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2020 AL Cy Young Award: The Best and Worst Stats

The newest Cleveland Ace, a Twin turning back the clock, and familiar face in a different uniform. Which one has the AL Cy Young in the bag?

Shane Beiber by Erik Drost is licensed under CC BY 2.0

2020 AL Cy Young Award: The Best and Worst Stats


Estimated Reading Time: 4 Minutes

The newest Cleveland Ace, a Twin turning back the clock, and a familiar face in a different uniform. All three of the BBWAA’s Cy Young Finalists have had incredible seasons, and rightfully deserve to be lauded for their efforts. However, even the best have room for improvement. With that in mind, let’s look at the best and worst stats for each finalist, and see who comes out on top.


Hyun-Jin Ryu – SP – Toronto Blue Jays

Best Stat: August Splits

Ryu is one of 2 ex-Dodger finalists on this list, and like Kenta Maeda, found huge success in his new town. While an overall 5-2 record and 2.69 might not blow you away, Ryu put together an absolutely dominant month of August. In 5 starts, he allowed only 17 hits and held batters to a .175 batting average. Of the 17 hits he allowed, only 2 were for extra bases (a double and a homer), helping him craft a bananas .216 opposing slugging % for the month of August. Had he been able to keep up this kind of pace for the entirety of the 2020 season, he might have been a lock for this award.

Worst Stat: 72 strikeouts

This stat may be a bit nitpicky, but does stand out for a couple reasons. First, baseball has become as strikeout-happy of a game as it has ever been. For a pitcher with Ryu’s stuff, 72 strikeouts in 12 starts is good… but nothing spectacular. In fact, his strikeout total doesn’t even crack the top-20 in the league this season. Secondly, his 72 strikeouts are the lowest total of all 3 AL Cy Young candidates, and a whopping 50 behind Bieber’s ungodly total of 122. For BBWAA voters who get swayed by strikeout totals, Ryu likely doesn’t have enough to make any real noise.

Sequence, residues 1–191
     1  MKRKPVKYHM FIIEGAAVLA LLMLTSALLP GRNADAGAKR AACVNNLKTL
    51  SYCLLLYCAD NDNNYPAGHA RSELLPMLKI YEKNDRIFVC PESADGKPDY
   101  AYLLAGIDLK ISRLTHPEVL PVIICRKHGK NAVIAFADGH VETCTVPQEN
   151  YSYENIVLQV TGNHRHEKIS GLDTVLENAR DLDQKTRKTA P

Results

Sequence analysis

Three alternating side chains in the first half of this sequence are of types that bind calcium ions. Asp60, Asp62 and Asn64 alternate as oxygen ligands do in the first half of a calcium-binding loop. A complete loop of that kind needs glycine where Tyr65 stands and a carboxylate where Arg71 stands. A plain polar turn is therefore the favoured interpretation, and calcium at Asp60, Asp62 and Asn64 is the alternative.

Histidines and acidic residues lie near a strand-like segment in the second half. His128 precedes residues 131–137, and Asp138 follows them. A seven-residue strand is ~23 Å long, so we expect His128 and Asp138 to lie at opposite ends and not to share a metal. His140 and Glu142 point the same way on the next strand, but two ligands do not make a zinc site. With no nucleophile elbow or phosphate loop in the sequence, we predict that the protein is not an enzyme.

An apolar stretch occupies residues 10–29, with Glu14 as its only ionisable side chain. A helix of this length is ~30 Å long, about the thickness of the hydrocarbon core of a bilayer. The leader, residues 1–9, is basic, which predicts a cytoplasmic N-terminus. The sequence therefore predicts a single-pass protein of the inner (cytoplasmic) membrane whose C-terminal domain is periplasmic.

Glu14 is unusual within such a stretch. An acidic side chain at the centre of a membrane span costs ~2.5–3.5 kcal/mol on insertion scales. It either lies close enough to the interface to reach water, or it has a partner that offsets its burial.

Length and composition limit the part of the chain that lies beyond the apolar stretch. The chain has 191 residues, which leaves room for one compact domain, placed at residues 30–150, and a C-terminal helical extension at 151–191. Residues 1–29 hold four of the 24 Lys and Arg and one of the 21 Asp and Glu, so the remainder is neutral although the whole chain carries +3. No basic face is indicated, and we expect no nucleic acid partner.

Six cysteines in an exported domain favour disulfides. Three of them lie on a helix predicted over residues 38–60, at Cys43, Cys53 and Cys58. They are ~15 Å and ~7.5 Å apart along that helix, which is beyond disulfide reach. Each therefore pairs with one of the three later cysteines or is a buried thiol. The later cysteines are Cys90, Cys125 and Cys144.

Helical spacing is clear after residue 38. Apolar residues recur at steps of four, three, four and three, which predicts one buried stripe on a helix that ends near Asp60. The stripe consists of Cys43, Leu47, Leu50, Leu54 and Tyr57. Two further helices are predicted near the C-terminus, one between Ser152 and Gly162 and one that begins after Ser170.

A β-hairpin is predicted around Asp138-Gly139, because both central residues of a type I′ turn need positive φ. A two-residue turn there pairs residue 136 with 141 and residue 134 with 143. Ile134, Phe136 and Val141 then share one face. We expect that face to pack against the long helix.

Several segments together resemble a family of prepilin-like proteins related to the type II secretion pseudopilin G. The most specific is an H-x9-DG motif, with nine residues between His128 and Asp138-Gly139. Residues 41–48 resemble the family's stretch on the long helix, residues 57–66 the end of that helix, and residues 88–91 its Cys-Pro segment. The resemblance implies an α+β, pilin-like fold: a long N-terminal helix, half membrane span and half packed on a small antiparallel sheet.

Kenta Maeda – SP – Minnesota Twins

Best Stat: 0.750 WHIP

Outside of Minnesota and Los Angeles, many people may have forgotten that Maeda ended up with the Twins as part of the notorious Mookie Betts blockbuster trade this offseason. And it therefore stands to reason that a lot of folks out there have no appreciation for how dominant Maeda was in the COVID-shortened 2020 campaign. Look no further than his astounding 0.750 WHIP for proof. While Maeda only allowed 40 hits in just over 66 innings pitched, he somehow managed to only walk 10 batters in that span. Ten. Less than a walk per start. Add in the fact he hit zero batters and threw zero wild pitches, and one could argue he’s got the best command in the game.

Worst Stat: Shane Bieber Exists

BBWAA voters will be forced to hold this blemish against Maeda whether they like it or not. Maeda had a Bieber per season allowance (BPSA) of 1, meaning that over the course of Maeda’s 2020 season, 1 Shane Bieber existed. If Maeda could have gotten than number any lower, the Cy Young would be his going away. But all that is just coulda, woulda shoulda. Shane Bieber happened, and we have the stats to prove it.


Shane Bieber – SP – The Baseball Team in Cleveland

Best Stat: Everything. Every one of his numbers.

You might be reading this and thinking that the above statement is hyperbole. It’s not. Bieber was the be-all, end-all of starting pitchers in 2020. He led all of MLB (not just the AL), in a slew of categories, including ERA (1.63), ERA+ (281), strikeouts (122), and strikeouts/9 (14.2). The dude was also 8-1, and led the league in WAR. He allowed just 14 earned runs in 77.1 innings pitched and struck out 10 batters in 8 of his 12 starts. Sure, 2020 was a sprint as opposed to a marathon. But it’s still as dominant a 12 game stretch as we have ever seen. So just give him the dang trophy, because Bieber has done everything in his power to ensure he’s the first unanimous Cy Young winner in baseball since Clayton Kershaw in 2014.

Worst Stat: There is only one of him.

Bieber, like Maeda, also had his Biebers per season allowed (1) work against him in his Cy Young case (it’s a bit of a stretch, but bear with us). If he could have gotten his BPSA to say 2, or even 3, he could have pulled off a truly historic stretch the likes of which we have never seen. It’s ticky-tack stuff, but perhaps the only thing we can knock Bieber for in 2020.

Ryan Kelly lives in Cambridge, MA, a stone's throw away from his beloved Boston teams. When he is not working as an editorial assistant, he is providing commentary on the Boston Red Sox and Boston Bruins for The Turf.

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